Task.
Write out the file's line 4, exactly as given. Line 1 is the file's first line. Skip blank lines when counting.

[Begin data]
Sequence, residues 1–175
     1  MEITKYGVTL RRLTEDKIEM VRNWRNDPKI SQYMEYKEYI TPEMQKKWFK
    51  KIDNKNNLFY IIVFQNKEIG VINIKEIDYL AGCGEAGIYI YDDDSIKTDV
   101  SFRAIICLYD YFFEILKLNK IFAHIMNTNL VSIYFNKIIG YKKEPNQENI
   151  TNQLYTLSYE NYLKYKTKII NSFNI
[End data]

   101  SFRAIICLYD YFFEILKLNK IFAHIMNTNL VSIYFNKIIG YKKEPNQENI